If they’re commission-based, people who provide cosmetic services won’t make money without getting customers and building up a regular clientele. And they’re only receiving a percentage of the service cost. This is near and dear to my heart as I am a hairstylist full-time. On paper, I make less than 30K a year, and that’s the average for hairstylists. I’ve seen some online forums debating this topic, and occasionally someone says, “Just charge enough per service to make a living without tips.” But guess what? Unless you’re your own boss, a commission-based hairstylist doesn't get to make that decision, and most salon owners don't go by that, considering customers expect to tip for cosmetic services. It’s the same concept for barbers, nail techs, and estheticians.
You might argue that someone like a fast-food employee makes the same kind of money per year, so why wouldn’t we tip them the same way we tip a hairstylist? But your hairstylist (or other cosmetic worker) had to get an expensive education to get a license to perform these services. In my small town, it costs $21,000 a year to go to beauty school. It’s also a life-long career. Anyone can be a fast-food worker if they choose. That’s why so many teenagers do it. You only get a little bummed when your McDonald’s order is wrong, but if your hair color is botched, you’re going to be much more upset!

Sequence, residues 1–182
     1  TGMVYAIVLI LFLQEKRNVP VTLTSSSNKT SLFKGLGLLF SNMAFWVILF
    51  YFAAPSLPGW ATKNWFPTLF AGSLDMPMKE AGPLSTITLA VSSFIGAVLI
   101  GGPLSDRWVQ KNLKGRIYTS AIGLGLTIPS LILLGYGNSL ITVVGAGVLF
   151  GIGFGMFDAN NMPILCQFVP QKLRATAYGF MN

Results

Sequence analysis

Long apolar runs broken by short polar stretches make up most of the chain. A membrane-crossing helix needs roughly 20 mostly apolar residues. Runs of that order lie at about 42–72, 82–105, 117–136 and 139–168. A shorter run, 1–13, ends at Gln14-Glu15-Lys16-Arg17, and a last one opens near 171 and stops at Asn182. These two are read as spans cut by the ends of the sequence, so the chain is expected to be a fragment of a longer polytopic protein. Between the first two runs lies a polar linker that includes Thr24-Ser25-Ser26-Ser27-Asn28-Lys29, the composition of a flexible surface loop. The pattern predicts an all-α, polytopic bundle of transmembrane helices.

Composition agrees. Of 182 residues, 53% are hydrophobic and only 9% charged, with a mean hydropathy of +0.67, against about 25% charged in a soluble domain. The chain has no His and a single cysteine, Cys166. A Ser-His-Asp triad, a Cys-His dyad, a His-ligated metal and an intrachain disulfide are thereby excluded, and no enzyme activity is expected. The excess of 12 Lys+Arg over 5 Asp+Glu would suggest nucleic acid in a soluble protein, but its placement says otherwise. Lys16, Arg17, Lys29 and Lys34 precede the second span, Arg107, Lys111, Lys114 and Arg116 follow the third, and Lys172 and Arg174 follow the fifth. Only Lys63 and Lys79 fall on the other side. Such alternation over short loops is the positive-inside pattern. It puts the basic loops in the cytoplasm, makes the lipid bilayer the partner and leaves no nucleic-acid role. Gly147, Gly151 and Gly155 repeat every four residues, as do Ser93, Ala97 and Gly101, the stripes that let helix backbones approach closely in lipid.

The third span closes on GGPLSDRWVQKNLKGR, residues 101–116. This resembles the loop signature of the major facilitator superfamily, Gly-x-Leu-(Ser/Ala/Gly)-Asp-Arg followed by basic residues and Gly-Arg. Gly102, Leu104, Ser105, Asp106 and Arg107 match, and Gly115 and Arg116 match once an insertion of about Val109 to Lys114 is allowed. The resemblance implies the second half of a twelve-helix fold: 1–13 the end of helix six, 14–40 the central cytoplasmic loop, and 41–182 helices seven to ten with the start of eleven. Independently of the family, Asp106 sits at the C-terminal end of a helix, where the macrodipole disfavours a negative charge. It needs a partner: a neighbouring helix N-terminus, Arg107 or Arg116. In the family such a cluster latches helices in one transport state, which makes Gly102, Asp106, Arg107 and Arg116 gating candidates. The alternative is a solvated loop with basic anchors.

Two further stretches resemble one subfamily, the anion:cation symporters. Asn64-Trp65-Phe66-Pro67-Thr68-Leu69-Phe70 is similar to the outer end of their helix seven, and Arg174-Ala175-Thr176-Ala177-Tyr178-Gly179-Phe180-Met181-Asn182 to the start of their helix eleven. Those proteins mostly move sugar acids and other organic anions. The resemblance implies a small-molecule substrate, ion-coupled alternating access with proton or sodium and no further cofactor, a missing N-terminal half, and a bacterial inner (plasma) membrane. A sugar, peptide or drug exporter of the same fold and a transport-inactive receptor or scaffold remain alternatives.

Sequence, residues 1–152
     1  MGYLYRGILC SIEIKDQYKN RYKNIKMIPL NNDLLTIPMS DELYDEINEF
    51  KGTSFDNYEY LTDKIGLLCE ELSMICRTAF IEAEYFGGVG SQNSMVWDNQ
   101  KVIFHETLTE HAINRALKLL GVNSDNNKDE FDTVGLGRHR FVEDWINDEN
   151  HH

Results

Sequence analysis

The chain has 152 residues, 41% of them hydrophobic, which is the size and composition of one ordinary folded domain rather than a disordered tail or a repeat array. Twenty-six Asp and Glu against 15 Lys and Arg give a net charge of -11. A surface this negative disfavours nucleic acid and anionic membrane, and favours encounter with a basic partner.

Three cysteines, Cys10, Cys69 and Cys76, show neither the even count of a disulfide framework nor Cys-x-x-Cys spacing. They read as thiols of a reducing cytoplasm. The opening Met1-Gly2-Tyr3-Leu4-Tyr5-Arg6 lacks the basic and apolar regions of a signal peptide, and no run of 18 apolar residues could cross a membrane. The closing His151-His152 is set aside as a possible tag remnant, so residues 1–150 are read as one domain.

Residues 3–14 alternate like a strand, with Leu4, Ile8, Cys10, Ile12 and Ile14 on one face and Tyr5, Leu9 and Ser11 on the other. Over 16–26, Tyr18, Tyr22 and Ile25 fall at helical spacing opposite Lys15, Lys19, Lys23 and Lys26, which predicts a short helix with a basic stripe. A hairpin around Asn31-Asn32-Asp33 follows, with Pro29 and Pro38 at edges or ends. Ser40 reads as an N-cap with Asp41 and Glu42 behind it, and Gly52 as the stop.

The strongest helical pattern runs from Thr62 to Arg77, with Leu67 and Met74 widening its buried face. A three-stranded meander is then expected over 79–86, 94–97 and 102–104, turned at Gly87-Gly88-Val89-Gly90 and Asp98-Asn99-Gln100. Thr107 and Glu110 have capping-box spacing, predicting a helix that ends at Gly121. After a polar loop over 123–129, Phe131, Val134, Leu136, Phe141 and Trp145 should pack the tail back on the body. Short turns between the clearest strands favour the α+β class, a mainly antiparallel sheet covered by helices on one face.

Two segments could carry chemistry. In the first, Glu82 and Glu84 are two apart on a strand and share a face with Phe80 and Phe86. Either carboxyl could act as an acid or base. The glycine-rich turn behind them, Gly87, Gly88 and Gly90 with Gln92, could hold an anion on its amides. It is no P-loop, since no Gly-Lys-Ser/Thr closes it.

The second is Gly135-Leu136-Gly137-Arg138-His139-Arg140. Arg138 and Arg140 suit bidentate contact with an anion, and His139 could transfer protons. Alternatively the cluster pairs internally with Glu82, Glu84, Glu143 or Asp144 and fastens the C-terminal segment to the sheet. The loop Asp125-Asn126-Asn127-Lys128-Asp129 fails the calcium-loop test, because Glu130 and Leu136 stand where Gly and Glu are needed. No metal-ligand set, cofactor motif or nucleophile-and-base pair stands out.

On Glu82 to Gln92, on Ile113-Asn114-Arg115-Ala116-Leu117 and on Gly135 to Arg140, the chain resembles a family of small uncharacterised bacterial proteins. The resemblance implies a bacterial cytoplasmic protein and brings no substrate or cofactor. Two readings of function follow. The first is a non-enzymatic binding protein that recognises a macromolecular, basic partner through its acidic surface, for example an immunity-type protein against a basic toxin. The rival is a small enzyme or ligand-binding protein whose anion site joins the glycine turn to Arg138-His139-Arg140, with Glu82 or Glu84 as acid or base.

I’ve always tipped people who deliver me food, but after talking with people who do this job, I now know I wasn’t tipping enough. Most of them do not make the federal minimum wage, and some only make what you tip them. My husband was a Chinese food delivery guy when he was younger, and his boss didn’t even pay for the gas he spent on delivering food. I couldn’t believe it! This concept also goes for people who work for companies like Grubhub or DoorDash. They’re basically considered contractors for these companies, and they might get a couple of dollars from the company to deliver the order, then they hope for a tip to make it worth the drive. Then during tax season, they can make gas a deduction, but depending on how it works out, they may or may not break even.
Taxi drivers and drivers for companies like Lyft and Uber are also in this category. Most taxi drivers are commission-based and only get a percentage of the ride cost. And drivers for Lyft and Uber hold similar practices to DoorDash and Grubhub, so the driver gets a small fee and tips, and hopes that the drive was worth the gas. A valet is another example of someone who needs your tips, because depending on the place, they might just get a small payment from the company, with the expectation of tips.